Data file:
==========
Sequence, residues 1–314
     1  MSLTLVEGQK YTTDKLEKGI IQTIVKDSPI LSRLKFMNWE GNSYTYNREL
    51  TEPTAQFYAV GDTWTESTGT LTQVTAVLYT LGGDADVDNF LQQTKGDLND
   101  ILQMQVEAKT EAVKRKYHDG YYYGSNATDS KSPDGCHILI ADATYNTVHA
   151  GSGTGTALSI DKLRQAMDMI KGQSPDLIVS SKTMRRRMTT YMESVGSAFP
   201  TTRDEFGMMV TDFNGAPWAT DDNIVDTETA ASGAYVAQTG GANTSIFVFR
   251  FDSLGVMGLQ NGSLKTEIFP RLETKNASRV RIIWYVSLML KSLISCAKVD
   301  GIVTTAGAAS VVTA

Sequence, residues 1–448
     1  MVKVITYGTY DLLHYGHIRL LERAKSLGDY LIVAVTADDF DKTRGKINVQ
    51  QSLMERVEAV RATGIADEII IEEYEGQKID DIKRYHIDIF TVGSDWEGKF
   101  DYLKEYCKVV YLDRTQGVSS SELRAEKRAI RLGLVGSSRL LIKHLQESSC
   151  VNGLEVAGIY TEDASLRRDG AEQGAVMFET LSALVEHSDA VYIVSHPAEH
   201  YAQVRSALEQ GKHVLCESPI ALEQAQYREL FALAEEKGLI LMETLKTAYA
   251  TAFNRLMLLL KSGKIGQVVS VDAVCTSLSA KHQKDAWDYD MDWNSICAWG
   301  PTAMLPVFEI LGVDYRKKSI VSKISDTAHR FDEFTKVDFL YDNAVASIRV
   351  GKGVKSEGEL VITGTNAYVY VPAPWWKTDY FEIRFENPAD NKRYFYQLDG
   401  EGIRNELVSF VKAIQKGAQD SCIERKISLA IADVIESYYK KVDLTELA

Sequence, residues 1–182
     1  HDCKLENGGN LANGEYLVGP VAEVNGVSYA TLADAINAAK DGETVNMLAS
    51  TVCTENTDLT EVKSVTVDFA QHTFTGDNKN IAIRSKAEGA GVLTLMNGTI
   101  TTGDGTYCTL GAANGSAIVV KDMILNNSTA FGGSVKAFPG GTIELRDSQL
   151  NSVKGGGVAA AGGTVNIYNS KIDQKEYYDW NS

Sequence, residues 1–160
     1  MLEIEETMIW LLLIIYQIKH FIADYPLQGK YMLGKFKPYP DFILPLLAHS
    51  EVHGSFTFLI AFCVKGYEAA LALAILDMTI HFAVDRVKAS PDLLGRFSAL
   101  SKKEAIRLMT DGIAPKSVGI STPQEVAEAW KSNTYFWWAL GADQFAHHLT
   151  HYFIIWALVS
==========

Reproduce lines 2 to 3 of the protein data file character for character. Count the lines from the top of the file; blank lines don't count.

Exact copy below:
     1  MSLTLVEGQK YTTDKLEKGI IQTIVKDSPI LSRLKFMNWE GNSYTYNREL
    51  TEPTAQFYAV GDTWTESTGT LTQVTAVLYT LGGDADVDNF LQQTKGDLND